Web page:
I agree that R&D tax credits and patents are “institutional structure” advantages for pharma companies, as they are for any technology company. And I agree with the Medicare advantage, but only to the extent that government is subsidizing demand (and government is not doing this to encourage pharma R&D, but rather to keep old people in good health).

    But remember that there are structural disadvantages too. The FDA approval process for new drugs strikes me as unnecessarily onerous.

    Also, the legal tort system leaves a lot to be desired.

  17. Mario Says:

    I put these comments in the wrong place above…here they are again in the more proper place in the thread.

    what about the fact that MMT recognizes that the private sector, without assistance from government spending, cannot seem to reach full employment? Doesn’t this make a case against this notion that government workers are a “tax” on the private sector by the very fact that the private sector seems to have “no place” for them anyway. How can you tax something that is not there?

    Also I don’t understand how you can claim that government expenditure on goods and services is also a tax on the private sector when the private sector is the one that profits from that expenditure. I think you have it backwards there no?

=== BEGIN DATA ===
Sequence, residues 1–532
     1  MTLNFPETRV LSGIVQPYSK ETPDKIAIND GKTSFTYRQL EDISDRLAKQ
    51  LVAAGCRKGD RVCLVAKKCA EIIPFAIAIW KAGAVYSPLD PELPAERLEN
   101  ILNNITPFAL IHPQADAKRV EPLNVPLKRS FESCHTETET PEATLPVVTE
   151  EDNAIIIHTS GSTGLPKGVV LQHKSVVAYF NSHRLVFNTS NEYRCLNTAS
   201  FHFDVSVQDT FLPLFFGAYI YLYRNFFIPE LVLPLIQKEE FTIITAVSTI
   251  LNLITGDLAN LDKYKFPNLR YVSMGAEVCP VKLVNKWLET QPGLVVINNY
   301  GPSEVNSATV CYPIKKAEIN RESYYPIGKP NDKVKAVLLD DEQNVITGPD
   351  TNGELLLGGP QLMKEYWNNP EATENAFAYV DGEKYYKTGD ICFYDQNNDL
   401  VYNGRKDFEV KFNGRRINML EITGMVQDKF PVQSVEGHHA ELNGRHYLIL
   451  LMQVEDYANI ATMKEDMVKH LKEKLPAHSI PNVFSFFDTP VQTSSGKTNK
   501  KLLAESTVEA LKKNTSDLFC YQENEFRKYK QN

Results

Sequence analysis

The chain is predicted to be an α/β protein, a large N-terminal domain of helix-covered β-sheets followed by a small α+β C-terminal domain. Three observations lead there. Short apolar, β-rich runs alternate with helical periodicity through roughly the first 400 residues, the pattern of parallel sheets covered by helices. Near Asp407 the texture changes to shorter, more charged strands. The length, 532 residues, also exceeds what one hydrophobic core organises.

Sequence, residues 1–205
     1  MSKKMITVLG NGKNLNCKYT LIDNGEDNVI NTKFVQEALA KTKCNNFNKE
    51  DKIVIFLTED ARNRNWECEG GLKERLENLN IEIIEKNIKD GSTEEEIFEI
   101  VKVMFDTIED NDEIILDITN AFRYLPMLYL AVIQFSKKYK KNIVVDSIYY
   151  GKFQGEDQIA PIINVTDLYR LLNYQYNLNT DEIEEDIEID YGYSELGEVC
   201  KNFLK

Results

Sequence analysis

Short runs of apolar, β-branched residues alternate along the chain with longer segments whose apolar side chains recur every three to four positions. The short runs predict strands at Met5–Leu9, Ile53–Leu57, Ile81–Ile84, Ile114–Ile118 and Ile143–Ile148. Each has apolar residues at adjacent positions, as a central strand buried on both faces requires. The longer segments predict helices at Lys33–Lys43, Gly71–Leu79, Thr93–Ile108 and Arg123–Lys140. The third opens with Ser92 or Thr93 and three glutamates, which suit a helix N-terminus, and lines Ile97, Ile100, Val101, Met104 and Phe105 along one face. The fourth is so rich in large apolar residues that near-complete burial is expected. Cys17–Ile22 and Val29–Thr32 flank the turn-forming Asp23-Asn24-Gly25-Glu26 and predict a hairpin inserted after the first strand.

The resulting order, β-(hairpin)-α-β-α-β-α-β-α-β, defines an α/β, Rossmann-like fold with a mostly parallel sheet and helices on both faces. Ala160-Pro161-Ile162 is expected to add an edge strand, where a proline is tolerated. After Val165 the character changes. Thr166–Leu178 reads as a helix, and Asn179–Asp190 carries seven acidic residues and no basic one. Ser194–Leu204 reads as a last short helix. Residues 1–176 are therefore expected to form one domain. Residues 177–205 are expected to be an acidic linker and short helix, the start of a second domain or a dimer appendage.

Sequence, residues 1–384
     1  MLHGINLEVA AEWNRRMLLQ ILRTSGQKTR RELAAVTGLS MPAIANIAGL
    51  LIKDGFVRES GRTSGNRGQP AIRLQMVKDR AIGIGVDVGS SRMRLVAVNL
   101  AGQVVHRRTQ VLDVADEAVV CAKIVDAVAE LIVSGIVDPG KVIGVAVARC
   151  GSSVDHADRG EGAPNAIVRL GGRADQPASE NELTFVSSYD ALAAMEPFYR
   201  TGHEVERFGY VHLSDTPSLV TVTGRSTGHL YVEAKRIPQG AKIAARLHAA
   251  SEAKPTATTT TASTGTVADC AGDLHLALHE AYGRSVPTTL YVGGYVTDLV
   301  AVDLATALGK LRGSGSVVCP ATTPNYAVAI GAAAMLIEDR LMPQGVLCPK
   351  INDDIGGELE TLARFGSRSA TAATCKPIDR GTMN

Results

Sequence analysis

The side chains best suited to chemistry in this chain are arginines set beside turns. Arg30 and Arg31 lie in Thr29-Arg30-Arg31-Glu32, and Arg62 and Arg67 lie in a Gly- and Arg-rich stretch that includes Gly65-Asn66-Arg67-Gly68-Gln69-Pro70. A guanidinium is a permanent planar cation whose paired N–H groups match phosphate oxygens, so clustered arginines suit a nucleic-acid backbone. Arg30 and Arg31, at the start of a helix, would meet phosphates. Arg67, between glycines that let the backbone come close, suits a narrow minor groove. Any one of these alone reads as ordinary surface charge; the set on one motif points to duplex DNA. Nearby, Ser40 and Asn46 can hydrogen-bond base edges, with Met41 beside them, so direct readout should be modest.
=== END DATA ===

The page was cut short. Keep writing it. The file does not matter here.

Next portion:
Whether or not a union fights for a “better deal” on a government job is really irrelevant simply b/c those government workers spend and exist in the private sector and therefore grow the private sector through consumption, etc. Any “taxation” the private sector “experiences” through bargaining and/or government employment is surely counteracted by the net financial asset growth those jobs put into the private sector economy through consumption, etc.

    I thought this was all basic MMT principles no?

    Eventually, as Billy Blog loves to point out, once we hit full employment (and as Warren has stated…once those private sector jobs start to INCREASE in wage pressure–rather than attempting to decrease public sector wages), more and more people will transfer from government jobs into private sector jobs. The system will take care of itself in that way as far as I see it, and of course just practically speaking the government does need workers to get their work done so that will never go away regardless of full employment. Collective bargaining and unions are really a moot issue as far as I can see in this regard. They merely set a standard of wage, living, and private sector nfa which the private sector job market can both rely on for consumption as well as compete against for labor.